Friday, March 9, 2007

Sumo association rattles sabre at weekly

The Yomiuri Shimbun

Starting from today, The Daily Yomiuri will periodically carry translations taken from monthly magazine Ozumo, which is published by The Yomiuri Shimbun.


Allegations of yaocho, or match-fixing, have been a blight on sumo for years. However, the can of worms opened by the Shukan Gendai magazine in a series of articles earlier this year that claimed yokozuna Asashoryu and other senior wrestlers were rigging bouts so infuriated the Japan Sumo Association it decided to file a civil suit against the publisher, its managing editor and the writer of the articles, seeking damages and a full apology.

Splashed across one page was a headline alleging Asashoryu was involved in fixing matches, and that only four of his 15 bouts in the 2006 Kyushu Tournament--which he won with a perfect record--were not decided beforehand.

The article, by freelance writer Yorimasa Takeda, claimed the yokozuna was buying bouts for 800,000 yen a pop, with makushita wrestler Kyokutenzan acting as his go-between.

For pro sumo, the timing of the articles could not have been worse. The magazine hit the stands the day after the end of the New Year Tournament, which Asashoryu had won for his fourth straight Emperor's Cup and 20th overall. Sumo's revival, which strong attendances at the tournament suggested was burgeoning, was now threatened.

Faced with this threat to sumo's reputation and its hopes for renewed popularity, the association acted fast.

By Feb. 2, Asashoryu's stablemaster Takasago oyakata and 16 rikishi, including the yokozuna, had been questioned by Tomozuna oyakata, head of a committee in charge of investigating alleged irregularities that include wrestlers not fighting "wholeheartedly."

Also involved in the hearings were Isegahama oyakata, deputy head of the committee, and Keiji Isaji, an association lawyer.

All the wrestlers accused by Shukan Gendan vociferously denied match-fixing. The suit, which could expand to include Estonian maegashira Baruto after he was implicated in a later article, is expected to demand damages of several hundred million yen, with sources saying an out-of-court settlement is "out of the question."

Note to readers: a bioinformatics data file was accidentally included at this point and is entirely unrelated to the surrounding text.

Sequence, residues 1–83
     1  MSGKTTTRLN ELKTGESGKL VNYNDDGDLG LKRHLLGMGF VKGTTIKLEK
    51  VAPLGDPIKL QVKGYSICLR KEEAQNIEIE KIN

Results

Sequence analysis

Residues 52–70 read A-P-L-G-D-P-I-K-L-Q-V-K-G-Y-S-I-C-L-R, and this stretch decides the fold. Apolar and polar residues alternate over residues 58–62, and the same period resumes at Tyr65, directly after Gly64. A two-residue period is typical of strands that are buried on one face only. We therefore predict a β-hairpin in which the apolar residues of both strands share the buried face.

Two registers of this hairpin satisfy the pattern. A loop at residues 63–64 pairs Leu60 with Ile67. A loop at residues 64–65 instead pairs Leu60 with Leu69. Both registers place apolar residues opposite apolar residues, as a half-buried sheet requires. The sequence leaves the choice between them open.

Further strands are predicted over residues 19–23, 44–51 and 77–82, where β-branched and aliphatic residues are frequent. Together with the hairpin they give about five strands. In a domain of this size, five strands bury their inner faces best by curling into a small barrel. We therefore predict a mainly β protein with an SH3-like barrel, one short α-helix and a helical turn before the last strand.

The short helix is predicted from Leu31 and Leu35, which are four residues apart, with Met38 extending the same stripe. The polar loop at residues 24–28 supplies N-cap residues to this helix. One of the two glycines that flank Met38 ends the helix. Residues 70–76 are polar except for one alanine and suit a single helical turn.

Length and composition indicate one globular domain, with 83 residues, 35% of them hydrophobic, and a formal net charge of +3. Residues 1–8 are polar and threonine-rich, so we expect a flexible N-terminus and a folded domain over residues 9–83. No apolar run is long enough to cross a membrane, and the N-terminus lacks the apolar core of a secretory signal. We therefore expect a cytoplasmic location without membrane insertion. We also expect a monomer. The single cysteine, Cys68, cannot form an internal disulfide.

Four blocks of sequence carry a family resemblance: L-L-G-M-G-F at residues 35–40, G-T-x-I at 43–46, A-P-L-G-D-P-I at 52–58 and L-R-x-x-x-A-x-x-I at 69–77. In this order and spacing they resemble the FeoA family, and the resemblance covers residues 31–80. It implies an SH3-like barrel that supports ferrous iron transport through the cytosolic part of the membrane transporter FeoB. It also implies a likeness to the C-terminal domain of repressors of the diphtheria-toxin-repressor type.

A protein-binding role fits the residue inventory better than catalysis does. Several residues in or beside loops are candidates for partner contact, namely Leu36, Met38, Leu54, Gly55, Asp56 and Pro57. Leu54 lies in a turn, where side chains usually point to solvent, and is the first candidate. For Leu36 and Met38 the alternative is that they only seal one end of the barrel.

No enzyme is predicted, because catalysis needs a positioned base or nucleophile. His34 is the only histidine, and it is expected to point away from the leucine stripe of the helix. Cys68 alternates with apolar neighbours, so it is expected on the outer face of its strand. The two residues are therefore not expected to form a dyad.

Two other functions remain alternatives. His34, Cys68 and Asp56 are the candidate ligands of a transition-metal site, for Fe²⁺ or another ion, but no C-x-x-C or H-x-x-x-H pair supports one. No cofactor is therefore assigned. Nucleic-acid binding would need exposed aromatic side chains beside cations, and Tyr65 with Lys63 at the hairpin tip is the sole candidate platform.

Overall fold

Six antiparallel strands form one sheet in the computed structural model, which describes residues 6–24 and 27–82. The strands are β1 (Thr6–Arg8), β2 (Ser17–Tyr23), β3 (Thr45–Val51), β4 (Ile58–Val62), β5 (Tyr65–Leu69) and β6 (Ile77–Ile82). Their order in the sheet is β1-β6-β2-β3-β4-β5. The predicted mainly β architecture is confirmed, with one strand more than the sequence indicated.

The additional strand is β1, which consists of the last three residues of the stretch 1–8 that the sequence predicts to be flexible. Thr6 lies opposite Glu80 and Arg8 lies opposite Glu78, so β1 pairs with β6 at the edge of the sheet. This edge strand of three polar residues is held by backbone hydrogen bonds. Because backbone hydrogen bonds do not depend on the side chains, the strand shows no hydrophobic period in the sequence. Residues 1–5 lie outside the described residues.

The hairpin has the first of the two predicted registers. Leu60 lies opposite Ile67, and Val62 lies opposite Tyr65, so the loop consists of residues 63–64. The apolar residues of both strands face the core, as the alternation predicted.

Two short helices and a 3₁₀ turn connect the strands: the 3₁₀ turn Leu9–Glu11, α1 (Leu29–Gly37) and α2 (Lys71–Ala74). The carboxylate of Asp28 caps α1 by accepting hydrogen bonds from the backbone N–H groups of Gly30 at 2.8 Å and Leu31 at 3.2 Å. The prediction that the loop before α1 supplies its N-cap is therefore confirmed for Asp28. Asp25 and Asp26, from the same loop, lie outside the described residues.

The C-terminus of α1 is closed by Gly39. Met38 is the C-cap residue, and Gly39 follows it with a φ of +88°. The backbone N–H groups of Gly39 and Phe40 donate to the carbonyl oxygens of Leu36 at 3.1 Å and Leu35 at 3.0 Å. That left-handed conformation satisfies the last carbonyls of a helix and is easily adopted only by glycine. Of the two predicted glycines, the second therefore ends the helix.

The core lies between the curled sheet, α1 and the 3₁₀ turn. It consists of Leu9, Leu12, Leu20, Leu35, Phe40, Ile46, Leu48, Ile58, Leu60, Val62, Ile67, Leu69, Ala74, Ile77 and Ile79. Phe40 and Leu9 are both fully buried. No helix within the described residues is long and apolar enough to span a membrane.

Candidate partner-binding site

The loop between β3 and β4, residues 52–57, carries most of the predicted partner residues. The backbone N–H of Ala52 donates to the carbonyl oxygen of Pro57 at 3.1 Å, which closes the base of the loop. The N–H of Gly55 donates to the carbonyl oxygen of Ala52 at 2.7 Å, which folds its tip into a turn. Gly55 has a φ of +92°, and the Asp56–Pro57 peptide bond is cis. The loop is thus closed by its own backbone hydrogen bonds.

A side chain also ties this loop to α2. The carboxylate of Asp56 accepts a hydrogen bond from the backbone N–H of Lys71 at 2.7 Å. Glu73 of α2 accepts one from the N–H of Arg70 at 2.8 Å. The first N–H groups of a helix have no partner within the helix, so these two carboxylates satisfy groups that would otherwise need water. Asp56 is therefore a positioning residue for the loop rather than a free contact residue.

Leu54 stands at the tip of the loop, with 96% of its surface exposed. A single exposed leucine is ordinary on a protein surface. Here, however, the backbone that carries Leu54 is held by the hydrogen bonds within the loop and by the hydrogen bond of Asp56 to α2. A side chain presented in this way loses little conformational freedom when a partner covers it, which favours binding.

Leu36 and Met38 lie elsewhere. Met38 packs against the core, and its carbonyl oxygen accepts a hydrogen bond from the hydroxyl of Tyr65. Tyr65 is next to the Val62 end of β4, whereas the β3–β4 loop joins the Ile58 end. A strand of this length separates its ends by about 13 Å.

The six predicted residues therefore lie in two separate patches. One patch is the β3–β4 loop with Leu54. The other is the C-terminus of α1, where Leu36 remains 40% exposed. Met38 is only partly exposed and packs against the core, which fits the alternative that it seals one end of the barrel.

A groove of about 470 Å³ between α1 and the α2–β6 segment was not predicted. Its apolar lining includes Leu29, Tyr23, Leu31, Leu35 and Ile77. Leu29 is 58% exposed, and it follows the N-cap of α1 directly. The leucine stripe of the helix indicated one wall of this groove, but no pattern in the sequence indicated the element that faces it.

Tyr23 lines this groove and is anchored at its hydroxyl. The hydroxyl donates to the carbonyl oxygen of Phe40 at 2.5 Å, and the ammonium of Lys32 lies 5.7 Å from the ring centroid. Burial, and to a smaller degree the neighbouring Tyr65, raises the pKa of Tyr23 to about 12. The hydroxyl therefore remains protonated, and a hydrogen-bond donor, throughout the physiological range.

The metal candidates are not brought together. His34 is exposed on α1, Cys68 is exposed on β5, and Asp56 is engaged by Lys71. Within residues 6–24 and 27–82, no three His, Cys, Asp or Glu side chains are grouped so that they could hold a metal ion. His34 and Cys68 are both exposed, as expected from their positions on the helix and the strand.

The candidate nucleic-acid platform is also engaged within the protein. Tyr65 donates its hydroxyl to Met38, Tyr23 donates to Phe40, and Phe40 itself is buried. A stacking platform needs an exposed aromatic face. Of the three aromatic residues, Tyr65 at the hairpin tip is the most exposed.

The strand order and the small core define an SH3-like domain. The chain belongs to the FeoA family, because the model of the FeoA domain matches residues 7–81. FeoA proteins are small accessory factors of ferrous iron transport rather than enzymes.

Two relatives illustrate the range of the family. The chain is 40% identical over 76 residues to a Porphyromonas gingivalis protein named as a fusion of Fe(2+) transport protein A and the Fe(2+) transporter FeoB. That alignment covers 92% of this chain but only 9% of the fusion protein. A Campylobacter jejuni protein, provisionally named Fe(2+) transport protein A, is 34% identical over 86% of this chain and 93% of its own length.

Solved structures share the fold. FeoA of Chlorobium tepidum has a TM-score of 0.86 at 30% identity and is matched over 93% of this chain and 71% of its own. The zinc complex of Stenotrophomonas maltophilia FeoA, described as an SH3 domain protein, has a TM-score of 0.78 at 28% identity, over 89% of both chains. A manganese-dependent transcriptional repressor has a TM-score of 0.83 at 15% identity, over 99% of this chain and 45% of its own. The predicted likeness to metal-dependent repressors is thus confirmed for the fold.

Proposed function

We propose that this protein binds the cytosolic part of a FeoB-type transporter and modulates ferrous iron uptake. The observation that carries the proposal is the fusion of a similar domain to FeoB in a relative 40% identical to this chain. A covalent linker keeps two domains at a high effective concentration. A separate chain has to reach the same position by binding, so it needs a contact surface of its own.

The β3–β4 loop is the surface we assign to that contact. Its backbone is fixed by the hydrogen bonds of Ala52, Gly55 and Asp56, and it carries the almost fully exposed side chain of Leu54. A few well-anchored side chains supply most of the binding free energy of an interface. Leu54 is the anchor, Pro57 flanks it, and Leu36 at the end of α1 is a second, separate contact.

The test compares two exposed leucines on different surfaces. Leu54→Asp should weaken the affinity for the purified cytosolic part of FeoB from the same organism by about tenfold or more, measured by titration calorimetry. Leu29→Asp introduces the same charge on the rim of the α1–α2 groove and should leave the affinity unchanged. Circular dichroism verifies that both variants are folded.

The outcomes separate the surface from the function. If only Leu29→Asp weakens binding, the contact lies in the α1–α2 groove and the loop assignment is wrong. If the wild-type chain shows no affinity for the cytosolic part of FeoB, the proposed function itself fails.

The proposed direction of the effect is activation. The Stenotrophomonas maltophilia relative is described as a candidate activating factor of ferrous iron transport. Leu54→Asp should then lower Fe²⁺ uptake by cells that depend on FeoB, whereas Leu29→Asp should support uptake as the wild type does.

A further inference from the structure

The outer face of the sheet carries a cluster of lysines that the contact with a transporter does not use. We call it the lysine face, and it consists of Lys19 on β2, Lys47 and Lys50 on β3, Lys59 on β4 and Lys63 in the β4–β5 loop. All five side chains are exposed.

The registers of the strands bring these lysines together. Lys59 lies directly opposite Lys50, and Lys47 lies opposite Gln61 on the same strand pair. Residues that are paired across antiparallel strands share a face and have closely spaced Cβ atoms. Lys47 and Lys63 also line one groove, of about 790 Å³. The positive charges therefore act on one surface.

Takeda's credentials have raised a few eyebrows. Born in 1958, he first worked as a reporter for an aviation journal before going freelance. His claims to have been covering sumo since 1988 have been challenged by beat reporters, who say they have never seen Takeda in dressing rooms during tournaments.

The timing of the allegations could be linked to Shukan Gendai's faltering sales. According to the Japan Audit Bureau of Circulations, sales of the magazine fell by almost 30 percent in the four years through 2006 to about 440,000 copies per issue.

Faced with an evaporating readership, the magazine had a major revamp at the end of last year. However, the Jan. 6 and 13 joint issue of the remodeled magazine immediately left egg on the face of publisher Kodansha Ltd. when a story claiming one of the returned abductees from North Korea had also tried to abduct another person from Japan was described by the abductee in question as "ludicrous."

The magazine may also have overreached with its match-fixing allegations. The first article concerning match-fixing did not say "match-fixing was suspected," it said there "is no doubt" the fix was in for 11 of Asashoryu's 15 bouts at the Kyushu tournament.

The assertiveness of the wording is unusual, and is not supported by the evidence given. Although Takeda quotes 10 media sources in the four articles, these sports newspaper reporters, TV reporters and newspaper reporters speak of only hearsay and rumors that have been floating around for years.

More damning are allegations made by "active rikishi X," who claims, among other things, that Asashoryu "had no qualms about buying wins" and "that only four of the yokozuna's 15 bouts in Kyushu were not rigged."

The claims, if true, would be explosive. Yet despite the assertions made by rikishi X, no reliable evidence or documents to back up his accusations are provided.

This combination of hearsay and rumor puts the association and the wrestlers in an almost impossible position. Proving that something does not exist is much more difficult than proving something does.

To dispel the seeds of suspicion that have been planted in fans' minds, the wrestlers will have to leave blood, sweat and tears every time they step on the dohyo.


Baruto out of Spring basho

The Daily Yomiuri

Estonian No. 13 maegashira Baruto on Thursday pulled out of the upcoming S pring Grand Sumo Tournament in Osaka. The 22-year-old is still not fully recovered from the left knee injury he s uffered in his bout against new sekiwake Kotoshogiku at January's New Year b asho. "It's impossible for him," Onoe oyakata said of his marquee wrestler, who was b oth philosophical and defiant in the face of certain demotion to juryo. "It can't be helped," Baruto said, "but I will be back for next tournament, andI

will do my best there."
(Mar. 9, 2007)